Water Vole Release: Phase 2

Water Vole Release Phase 2 – September 2013 Supporting Water Vole Release

water vole swimming away from the camera
Released water vole

The second phase of the staged release of water voles into the Neet river catchment took place on 18th September 2013. After a delay due to bad weather, the 177 water voles (96 males and 81 females) scheduled for release finally left Derek Gow’s breeding facility near Lifton in North Devon on the journey to our land at Lower Cann Orchard between Marhamchurch and Stratton here in North Cornwall.

The departure of the voles was delayed slightly whilst they, together with Rebecca – Derek Gow’s invaluable facility manager – starred in an ITV Countrywise programme presented by Liz Bonnin. The original plan had been to film the voles being released at Cann Orchard but TV being TV there was no time to do the real thing so a release was simulated and filmed on land belonging to Derek Gow prior to their departure.

We are lucky to own about a mile of river bank along the river Neet at Lower Cann Orchard and this, together with an additional stretch made available by our neighbour Mr John Turner, was sufficient to release all the voles during the course of the afternoon. We had monitored for any presence of American mink prior to the release but thankfully none were found. The drastic decrease in the water vole population in England owes much to predation by mink that have either escaped or been released from mink farms before these facilities were banned in the UK back at the end of the 1980s.

water voles in a release cage, Bude, Cornwall water vole release
Water voles in release cage

The voles were placed in family or mixed sex groups in wooden release cages that were positioned at 50 metre intervals along the river bank. The release process took five days. For the first three days the voles stayed penned in their cages and were fed a daily diet of apples and carrots. On the fourth day the release cages had “escape’ holes fitted to the cages that allowed the voles to come and go as they pleased – they were still fed apples and carrots for the remaining two days. At the end of the fifth day the cages were removed. In most cases the cages were empty as the voles had already left to find new homes along the river bank.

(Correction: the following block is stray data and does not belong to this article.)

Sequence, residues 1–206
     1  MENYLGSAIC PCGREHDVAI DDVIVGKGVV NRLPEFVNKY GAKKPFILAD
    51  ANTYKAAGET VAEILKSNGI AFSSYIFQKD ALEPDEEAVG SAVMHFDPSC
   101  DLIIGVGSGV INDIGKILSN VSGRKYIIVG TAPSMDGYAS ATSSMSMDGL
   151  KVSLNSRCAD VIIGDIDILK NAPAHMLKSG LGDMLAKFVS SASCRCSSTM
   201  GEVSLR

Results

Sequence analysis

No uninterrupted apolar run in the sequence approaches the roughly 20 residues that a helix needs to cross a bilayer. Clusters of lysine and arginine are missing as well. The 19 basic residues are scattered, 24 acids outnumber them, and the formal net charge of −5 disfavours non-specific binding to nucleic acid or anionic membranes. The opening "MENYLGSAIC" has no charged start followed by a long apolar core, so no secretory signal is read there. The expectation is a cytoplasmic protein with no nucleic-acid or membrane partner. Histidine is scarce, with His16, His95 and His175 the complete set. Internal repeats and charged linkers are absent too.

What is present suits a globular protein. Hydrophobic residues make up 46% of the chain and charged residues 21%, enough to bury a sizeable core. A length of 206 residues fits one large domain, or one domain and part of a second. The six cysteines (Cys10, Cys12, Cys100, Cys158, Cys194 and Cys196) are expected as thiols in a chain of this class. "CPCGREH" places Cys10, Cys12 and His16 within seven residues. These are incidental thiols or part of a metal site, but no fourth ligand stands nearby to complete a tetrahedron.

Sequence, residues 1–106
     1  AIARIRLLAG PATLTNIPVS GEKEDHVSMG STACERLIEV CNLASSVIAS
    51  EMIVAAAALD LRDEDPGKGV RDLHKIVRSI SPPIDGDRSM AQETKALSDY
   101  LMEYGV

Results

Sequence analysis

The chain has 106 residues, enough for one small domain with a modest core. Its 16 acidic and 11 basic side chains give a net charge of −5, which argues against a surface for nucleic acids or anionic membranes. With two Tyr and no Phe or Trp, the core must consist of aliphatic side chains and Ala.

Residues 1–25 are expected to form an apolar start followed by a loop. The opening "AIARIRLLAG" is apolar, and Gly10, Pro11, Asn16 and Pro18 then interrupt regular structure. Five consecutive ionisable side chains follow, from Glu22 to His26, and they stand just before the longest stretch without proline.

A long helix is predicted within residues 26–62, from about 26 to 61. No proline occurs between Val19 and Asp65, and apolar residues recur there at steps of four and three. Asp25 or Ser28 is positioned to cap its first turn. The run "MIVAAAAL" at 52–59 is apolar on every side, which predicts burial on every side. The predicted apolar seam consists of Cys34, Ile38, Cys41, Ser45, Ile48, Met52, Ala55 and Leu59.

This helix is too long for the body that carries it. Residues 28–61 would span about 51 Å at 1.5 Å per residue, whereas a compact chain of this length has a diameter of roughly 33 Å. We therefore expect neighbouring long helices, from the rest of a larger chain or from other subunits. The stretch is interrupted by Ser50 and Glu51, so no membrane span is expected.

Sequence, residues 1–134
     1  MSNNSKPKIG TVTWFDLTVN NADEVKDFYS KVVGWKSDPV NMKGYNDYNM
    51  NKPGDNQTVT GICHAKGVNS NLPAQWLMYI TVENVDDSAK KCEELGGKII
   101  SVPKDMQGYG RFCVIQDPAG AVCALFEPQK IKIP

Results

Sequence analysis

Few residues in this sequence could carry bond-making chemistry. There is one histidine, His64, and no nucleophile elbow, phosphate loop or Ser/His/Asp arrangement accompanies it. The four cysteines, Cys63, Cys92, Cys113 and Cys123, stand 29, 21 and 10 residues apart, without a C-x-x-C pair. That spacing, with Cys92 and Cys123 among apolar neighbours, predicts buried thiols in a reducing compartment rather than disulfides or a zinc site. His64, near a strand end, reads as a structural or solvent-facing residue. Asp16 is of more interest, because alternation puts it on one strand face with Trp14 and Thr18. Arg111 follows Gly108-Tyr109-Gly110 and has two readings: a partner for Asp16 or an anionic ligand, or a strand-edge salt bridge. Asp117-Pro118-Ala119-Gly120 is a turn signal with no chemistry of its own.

water vole feeding on riverside vegetation
Water vole feeding on riverside vegetation

The whole release process went very smoothly. The presence of a very large wasp nest at one of the release locations caused the team to take some special care but otherwise all went to plan. We shall continue to monitor the health of the voles though the winter and keep a very careful eye out for any mink that may appear in the Spring.  Listen out for the ‘plop’ as the water vole dives into the water, warning others and escaping into a bolt hole away from a potential predator.

A water vole latrine
A water vole latrine

Further releases will happen next year as the water voles will now be going into their less active period over the winter of 2013/14.  However, signs can still be seen of their presence.  Droppings are 8-12mm long and blunt ended (like tic-tacs).   Colour can range from dark brown to olive depending on what they’ve been eating.

From Left to Right - Rebecca Northey (Derek Gow Consultancy), Chloe Wonnacott (Derek Gow Consultancy), Dennis Vanstone (Westland Countryside Stewards) and Shaun Thomas (Westland Countryside Stewards)
From Left to Right – Rebecca Northey (Derek Gow Consultancy), Chloe Wonnacott (Derek Gow Consultancy), Dennis Vanstone (Westland Countryside Stewards) and Shaun Thomas (Westland Countryside Stewards)

The Westland Countryside Stewards team assisting the release consisted of John Duncan, Dennis Vanstone and Shaun Thomas whilst Rebecca Northey and Chloe Wonnacott supervised the release on behalf of Derek Gow Consultants. You can find out more information at www.watervoles.com

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